We are currently focusing on conference and convention anti-harassment policies.
As a female journalist who writes about sex (among other things), none of this feedback was particularly out of the ordinary. But this guy took it to another level: “I am 36 years old, I did 12 years for ‘manslaughter’, I killed a woman, like you, who decided to make fun of guys cocks.” And then: “Happy to say we live in the same state. Im looking you up, and when I find you, im going to rape you and remove your head.” There was more, but the final tweet summed it up: “You are going to die and I am the one who is going to kill you. I promise you this.”
My fingers paused over the keyboard. I felt disoriented and terrified. Then embarrassed for being scared, and, finally, pissed. On the one hand, it seemed unlikely that I’d soon be defiled and decapitated at the hands of a serial rapist-murderer. On the other hand, headlessfemalepig was clearly a deranged individual with a bizarre fixation on me. I picked up my phone and dialed 911.
Two hours later, a Palm Springs police officer lumbered up the steps to my hotel room, paused on the outdoor threshold, and began questioning me in a steady clip. I wheeled through the relevant background information: I am a journalist; I live in Los Angeles; sometimes, people don’t like what I write about women, relationships, or sexuality; this was not the first time that someone had responded to my work by threatening to rape and kill me. The cop anchored his hands on his belt, looked me in the eye, and said, “What is Twitter?”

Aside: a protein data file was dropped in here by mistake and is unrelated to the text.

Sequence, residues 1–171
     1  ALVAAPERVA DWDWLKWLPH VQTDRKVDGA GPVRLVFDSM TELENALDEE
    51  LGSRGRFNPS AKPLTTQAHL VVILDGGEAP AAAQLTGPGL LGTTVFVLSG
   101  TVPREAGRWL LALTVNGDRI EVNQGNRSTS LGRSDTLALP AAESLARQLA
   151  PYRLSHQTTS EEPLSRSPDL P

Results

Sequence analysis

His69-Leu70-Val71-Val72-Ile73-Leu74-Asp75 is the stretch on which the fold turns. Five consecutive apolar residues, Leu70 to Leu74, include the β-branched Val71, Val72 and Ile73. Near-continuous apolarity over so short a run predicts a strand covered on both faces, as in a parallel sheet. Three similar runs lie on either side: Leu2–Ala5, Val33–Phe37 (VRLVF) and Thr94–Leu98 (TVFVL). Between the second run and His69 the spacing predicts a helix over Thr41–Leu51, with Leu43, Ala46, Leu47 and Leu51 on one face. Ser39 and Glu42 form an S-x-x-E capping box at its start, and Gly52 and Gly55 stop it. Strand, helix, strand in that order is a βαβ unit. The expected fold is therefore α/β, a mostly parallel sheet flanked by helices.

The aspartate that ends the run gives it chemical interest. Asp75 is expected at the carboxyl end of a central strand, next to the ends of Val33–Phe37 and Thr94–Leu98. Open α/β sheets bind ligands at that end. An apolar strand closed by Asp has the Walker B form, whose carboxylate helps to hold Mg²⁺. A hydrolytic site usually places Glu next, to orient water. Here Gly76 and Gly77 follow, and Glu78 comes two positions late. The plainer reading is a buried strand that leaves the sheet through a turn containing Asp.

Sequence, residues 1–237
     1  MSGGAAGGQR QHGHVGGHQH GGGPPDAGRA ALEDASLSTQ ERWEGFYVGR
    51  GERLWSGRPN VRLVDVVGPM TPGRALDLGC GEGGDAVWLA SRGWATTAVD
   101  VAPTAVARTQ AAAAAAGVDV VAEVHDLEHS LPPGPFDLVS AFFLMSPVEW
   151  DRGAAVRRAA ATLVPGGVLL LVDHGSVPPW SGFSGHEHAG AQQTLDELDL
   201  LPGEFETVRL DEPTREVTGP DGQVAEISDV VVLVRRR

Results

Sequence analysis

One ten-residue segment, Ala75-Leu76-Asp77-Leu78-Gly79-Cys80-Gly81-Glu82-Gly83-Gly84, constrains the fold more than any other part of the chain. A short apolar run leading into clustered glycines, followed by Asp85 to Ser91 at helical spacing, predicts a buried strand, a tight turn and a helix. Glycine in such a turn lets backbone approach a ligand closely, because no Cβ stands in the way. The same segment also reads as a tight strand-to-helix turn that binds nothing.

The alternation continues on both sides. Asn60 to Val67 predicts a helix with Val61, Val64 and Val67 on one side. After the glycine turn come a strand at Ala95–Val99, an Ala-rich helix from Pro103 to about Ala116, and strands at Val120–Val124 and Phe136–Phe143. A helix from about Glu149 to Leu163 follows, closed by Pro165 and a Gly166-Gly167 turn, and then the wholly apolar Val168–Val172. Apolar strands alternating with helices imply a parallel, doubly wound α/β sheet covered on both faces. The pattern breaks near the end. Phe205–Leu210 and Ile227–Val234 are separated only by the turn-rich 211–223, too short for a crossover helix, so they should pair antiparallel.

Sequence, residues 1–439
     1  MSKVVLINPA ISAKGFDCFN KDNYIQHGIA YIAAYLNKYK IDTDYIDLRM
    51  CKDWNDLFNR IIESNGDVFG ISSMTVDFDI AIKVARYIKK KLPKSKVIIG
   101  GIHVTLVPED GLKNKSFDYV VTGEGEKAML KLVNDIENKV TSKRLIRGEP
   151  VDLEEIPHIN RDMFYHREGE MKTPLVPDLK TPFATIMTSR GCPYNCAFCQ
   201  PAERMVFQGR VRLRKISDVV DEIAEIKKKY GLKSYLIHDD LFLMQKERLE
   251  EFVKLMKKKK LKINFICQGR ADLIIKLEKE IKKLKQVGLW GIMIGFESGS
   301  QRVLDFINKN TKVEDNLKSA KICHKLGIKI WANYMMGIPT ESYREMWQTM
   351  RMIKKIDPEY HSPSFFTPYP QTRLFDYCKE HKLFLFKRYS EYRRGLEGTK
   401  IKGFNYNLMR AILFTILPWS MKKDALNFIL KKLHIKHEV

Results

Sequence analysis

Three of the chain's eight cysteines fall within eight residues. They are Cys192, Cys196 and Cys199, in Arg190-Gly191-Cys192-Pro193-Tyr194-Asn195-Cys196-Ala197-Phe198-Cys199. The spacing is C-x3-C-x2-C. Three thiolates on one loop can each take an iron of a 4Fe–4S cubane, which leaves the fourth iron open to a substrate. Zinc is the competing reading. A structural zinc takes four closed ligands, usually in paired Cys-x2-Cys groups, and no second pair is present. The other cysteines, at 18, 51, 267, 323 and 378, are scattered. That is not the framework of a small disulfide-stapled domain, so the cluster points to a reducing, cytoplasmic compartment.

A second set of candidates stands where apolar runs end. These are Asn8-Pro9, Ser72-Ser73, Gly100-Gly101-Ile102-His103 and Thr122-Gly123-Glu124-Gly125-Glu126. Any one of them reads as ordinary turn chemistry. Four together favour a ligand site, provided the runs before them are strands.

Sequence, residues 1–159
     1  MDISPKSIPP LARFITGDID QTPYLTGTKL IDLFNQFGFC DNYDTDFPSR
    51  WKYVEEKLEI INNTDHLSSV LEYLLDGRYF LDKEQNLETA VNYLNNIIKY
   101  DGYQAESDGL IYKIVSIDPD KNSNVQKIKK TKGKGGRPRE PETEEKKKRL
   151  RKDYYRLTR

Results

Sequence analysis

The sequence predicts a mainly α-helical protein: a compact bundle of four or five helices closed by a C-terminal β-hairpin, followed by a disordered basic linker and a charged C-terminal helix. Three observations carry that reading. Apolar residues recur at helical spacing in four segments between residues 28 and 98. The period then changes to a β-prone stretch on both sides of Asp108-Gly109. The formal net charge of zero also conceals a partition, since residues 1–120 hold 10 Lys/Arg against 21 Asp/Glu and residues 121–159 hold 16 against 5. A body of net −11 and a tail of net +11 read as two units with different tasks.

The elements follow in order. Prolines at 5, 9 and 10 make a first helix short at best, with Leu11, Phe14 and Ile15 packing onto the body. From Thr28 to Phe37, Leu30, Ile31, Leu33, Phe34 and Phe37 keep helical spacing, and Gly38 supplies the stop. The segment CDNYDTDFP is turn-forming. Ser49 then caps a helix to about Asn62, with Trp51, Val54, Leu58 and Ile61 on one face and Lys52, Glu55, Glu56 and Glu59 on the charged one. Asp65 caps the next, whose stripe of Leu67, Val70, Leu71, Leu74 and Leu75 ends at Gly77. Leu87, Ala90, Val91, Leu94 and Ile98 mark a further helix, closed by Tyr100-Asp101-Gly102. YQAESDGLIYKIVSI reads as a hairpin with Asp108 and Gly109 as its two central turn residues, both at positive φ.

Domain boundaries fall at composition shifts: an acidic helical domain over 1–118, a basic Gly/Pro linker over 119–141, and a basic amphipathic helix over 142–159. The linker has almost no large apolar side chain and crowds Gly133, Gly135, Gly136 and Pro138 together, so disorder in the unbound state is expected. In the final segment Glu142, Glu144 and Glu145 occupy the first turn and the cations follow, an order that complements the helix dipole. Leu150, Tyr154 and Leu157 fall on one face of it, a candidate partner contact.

The theft via cell phone hacking of countless nude photos, real or doctored, of various female celebrities is not a “scandal” to be mocked and teased about as if it were a public wardrobe malfunction or a gaffe. It should not be treated with quippy sub-headlines like “What Would Katniss do?” It is a crime that has turned the entire online community into potential peeping Toms with little-to-no accountability for the consumers of said stolen property/invasion of privacy. This is clearly a violation. It is a crime of theft with the intent to exploit its victims as punishment for the unpardonable sin of being female. A woman, be she in the public eye or a private citizen, has a right and privilege to take photos of herself for whatever reason she chooses. A woman, be she a celebrity or a regular citizen, has the right to store them in the same manner as her male peers without the presumption that they will be stolen by an act of cyber hackery. And if said photos exist and said photos are stolen, the shame of that act should be, nay must be, wholly on the perpetrator of said crime.
“Some very scary threats have just been made against me and my family,” Sarkeesian posted on Tuesday. “Contacting authorities now.”
After confirming she had found a safe place to stay, Sarkeesian posted a screengrab of the threats, posted by a Twitter account calling itself “Kevin Dobson,” which identified her address and her parents, as well as several vulgar threats, including one to “ram a hot tire iron up [her] c*nt”:
The last few weeks in videogame culture have seen a level of combativeness more marked and bitter than any beforehand.
First, a developer—a woman who makes games who has had so much piled on to her that I don’t want to perpetuate things by naming her—was the target of a harassment campaign that attacked her personal life and friendships. Campaigns of personal harassment aimed at game developers are nothing new. They are dismayingly common among those who happen to be women, or not white straight men, and doubly so if they also happen to make the sort of game that in any way challenge the status quo, even if that challenge is only made through their very existence. The viciousness and ferocity with which this campaign occurred, however, was shocking, and certainly out of the ordinary. This was something more than routine misogyny (and in games, it often is routine, shockingly). It was an ugly spectacle that should haunt and shame those involved for the rest of their lives.
It’s important to note that this hate campaign took the guise of a crusade against ‘corruption’ and ‘bias’ in the games industry, with particular emphasis on the relationships between independent game developers and the press.